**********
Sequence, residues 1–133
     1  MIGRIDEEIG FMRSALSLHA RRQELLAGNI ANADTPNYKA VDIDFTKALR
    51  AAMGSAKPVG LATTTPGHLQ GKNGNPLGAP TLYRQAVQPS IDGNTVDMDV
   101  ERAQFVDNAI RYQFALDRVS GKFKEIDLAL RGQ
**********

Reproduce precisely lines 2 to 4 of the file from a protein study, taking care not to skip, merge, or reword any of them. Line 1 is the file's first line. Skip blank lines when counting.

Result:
     1  MIGRIDEEIG FMRSALSLHA RRQELLAGNI ANADTPNYKA VDIDFTKALR
    51  AAMGSAKPVG LATTTPGHLQ GKNGNPLGAP TLYRQAVQPS IDGNTVDMDV
   101  ERAQFVDNAI RYQFALDRVS GKFKEIDLAL RGQ